How to put in practice? - Coaching takes on a collaborative and empowering approach, pointing team members towards their resourcefulness and insight. Instead of providing knowledge on processes, procedures and necessary tasks, the coach manager asks the employee to self-identify and self-direct towards what is missing. The idea is to make the unconscious conscious, as the employee discovers blind spots and opportunities (rather than being told, scolded, or critiqued in a particular direction). The coach manager’s agenda is insight - the kind of knowledge that comes from the inside - and behavioural change. Insight is critical because, in my experience, if someone does not see something for themselves it does not exist. You can get compliance from directive management. But if you want to inspire the hearts and minds of your employees, it is time for a different approach, hence Coach!

# 2: Listen, Listen, Listen! Employees who feel their voice is heard are 4.6 times more likely to feel empowered to do their best work, according to this Salesforce survey featured in Forbes. At least 50% of every conversation is listening...unless, of course, you are a manager who is passing out instructions. Listening is the often-forgotten skill that managers lack.

How to put in practice? - Can you listen to your team members without judgement, no matter what comes out of their mouths? That is tricky! The impulse to correct, fix and change is a strong one ineffective manager. Effective coaches understand how to listen at a deeper level. What would happen if your team felt that you were listening to them? Does not mean you have to grant wishes or let the inmates run the asylum. But hearing other viewpoints can shape your own, as well as impacting the effectiveness of the entire organization. So, practice to keep your biases out of the way and truly listen. It is the most difficult skills to acquire, but not an impossible one. Step back whenever you then you are getting in your bias trap or have a strong impulse to correct. Regular practice would help to be better at it soon. As Nelson Mandela said - "It seems impossible until it's done".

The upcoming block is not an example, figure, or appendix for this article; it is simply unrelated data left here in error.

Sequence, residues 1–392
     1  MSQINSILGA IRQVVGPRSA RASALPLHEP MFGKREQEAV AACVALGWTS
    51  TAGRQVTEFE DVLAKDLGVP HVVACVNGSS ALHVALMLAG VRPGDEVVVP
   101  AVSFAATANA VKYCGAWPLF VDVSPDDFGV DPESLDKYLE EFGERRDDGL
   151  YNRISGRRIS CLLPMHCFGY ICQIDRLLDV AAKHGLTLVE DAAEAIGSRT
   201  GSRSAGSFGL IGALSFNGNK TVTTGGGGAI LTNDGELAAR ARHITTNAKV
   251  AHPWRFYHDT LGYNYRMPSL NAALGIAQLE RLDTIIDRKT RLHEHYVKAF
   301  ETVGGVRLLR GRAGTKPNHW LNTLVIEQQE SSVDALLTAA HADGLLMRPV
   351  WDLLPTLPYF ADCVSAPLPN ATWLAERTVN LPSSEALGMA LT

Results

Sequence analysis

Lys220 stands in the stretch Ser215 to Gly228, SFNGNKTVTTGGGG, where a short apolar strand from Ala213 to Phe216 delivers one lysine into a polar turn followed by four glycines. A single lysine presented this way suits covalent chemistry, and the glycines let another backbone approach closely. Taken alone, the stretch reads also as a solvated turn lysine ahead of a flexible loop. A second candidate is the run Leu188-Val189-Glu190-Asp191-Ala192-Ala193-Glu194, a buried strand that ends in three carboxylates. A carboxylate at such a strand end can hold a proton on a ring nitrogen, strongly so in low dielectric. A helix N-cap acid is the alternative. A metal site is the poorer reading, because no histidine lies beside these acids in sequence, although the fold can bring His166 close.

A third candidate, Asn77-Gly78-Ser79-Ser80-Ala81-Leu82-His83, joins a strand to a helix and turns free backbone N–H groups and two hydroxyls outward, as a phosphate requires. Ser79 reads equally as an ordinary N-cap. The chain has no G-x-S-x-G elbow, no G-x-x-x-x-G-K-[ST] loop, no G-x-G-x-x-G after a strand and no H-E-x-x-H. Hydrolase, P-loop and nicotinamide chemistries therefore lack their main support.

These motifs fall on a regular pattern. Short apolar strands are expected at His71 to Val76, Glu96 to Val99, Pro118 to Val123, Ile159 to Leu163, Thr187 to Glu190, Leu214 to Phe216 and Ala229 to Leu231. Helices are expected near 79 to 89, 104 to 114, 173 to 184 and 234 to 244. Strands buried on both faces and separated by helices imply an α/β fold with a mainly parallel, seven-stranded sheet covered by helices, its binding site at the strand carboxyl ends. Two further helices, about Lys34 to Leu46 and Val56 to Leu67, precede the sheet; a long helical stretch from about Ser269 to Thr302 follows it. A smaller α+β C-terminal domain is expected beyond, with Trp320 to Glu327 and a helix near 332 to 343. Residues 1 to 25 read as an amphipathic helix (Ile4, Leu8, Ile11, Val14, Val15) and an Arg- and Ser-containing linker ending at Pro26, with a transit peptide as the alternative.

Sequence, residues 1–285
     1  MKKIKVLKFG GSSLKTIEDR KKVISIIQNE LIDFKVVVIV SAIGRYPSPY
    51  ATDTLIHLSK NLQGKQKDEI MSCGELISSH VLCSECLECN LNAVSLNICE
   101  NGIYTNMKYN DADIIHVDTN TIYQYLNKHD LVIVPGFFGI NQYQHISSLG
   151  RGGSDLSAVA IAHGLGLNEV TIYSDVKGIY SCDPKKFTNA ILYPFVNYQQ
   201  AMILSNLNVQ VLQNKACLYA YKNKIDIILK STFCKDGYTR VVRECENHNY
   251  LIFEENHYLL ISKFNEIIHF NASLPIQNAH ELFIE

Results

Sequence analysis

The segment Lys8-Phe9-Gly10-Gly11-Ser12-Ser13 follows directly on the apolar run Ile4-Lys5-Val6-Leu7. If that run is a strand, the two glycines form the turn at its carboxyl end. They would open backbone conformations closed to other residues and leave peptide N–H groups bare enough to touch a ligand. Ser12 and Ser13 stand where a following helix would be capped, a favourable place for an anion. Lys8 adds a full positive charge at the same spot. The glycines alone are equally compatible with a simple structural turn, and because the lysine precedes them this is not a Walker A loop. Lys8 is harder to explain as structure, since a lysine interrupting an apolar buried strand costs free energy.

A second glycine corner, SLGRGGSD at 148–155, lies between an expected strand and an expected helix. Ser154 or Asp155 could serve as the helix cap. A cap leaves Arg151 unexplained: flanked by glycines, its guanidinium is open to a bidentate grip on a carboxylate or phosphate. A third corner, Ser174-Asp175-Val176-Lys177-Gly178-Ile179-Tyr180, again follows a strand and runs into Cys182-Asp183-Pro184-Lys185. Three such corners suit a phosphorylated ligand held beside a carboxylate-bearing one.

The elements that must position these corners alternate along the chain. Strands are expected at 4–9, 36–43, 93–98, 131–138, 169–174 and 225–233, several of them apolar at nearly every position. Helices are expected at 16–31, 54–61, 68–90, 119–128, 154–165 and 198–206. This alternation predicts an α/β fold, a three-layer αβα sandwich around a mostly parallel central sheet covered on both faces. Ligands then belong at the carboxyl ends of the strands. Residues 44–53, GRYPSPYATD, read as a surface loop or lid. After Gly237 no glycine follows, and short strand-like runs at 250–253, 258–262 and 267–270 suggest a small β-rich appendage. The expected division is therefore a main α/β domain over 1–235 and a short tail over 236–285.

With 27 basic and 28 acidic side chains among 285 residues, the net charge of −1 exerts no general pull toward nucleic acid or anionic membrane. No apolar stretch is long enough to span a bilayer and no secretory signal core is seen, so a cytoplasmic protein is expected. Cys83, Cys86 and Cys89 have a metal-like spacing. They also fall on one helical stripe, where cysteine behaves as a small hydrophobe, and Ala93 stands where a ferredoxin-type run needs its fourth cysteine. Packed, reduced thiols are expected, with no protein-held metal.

# 3: Challenge your perspective. We all have a perspective, that reflects how we see the world. That perspective (also called a premise, or point of view) is the reason we move forward or stay stuck. Having a rigid perspective about the world and people is one of the reasons why people fail to evolve and be better. Moreover, having a rigid perspective to the ever-changing world and people’s behaviour is itself a wrong premise! How can we have a fixed perspective towards something ever-changing?

How to put in practice? - An effective coach practices self-leadership, to recognize that we all have limiting beliefs. Luckily, when those beliefs are seen and understood objectively, a new viewpoint emerges. You can only help your team to leave a limiting premise behind when you have been able to resolve the same at your end. Be aware of your thoughts when your team member is stating something opposite or not in tune with your perspective. Once you are aware, take a step back and restrain to pass judgements and use your skill to listen without being judgemental.

Once you have mastered this skill; you can help your team to leave a limiting premise. Will they commit and agree to new behaviour? Because of the commitment comes from them, you are headed in the direction of new results. On a personal note, I believe that Coaching is a great skill to develop. It helps one to look at one’s bling spots objectively, recognise them and then work on them. It is a way by which one becomes more open-minded, a great listener and above all an individual whose focus is to bring out the best in others.

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By: Vaani Gandha